North of the town of Cave Creek a network of jeep trails passes through pristine desert to intersect the Verde River. The Horny Toad Restaurant in Cave Creek makes a good jumping off point.
If you're heading for Sheep Bridge, the shortest route is along the east side of Horseshoe Reservoir. But it means fording the river twice just below the reservoir. The following photo was taken looking upstream towards Horseshoe Reservoir while wading through knee-deep water at the first crossing. When we discovered that the water was thigh-deep at the second crossing, we reconsidered our route.
Instead, we backtracked through Seven Springs and Tangle Creek -- a bone-rattling, teeth-chattering, knee-knocking two-hour jeep ride that climbs to 5000 before tumbling into the Verde River Valley.
We camped at one of the few access points where the river is not shrouded by thick cattails and salt cedar bushes.
During the day the temperature was well into the 90s, but we stayed cool by splashing in the margarita-green water. By evening it was cool enough for the sleeping bags, and we were lulled to sleep by the wind in the willow trees and the chuckling of Gambel's quail.
This is as close as David will ever get to folk dancing.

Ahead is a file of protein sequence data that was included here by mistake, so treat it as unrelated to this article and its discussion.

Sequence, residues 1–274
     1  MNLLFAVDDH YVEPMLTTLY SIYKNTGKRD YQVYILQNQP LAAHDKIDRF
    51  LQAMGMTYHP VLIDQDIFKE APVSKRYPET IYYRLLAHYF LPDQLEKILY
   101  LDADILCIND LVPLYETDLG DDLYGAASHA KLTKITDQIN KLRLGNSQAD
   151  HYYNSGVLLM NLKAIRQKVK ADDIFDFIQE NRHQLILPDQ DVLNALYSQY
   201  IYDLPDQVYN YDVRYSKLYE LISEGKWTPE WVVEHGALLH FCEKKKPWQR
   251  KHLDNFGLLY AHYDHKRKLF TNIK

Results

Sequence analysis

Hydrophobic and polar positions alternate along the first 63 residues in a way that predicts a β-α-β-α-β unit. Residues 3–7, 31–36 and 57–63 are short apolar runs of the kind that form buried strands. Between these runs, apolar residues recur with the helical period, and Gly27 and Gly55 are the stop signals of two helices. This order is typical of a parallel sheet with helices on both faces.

Very early the next morning, after several cups of stout coffee, we set off on foot for Chalk Mountain, a white layer cake of a mountain that stands in sharp contrast to the red rhyolite and black basalt cliffs that are typical of this valley. We were surprised to discover that the east side of the river is a wide grassy bench with great views in all directions.
Near the base of the Chalk Mountain, we followed a rough jeep trail down to another of those rare clearings along the Verde River. Here the river picks up speed as it sweeps below tall limestone cliffs, a ribbon of cool green in the white hot desert. Hundreds of swallows make their home in the cliffs, and we saw a dazzling variety of other bird life including turkey buzzards, great blue herons, egrets, ravens, Mexican jays, red-winged blackbirds, grackles, Scarlet tanagers, Western tanagers, orioles, Gila woodpeckers, goldfinches, grouse and Gambel's quail.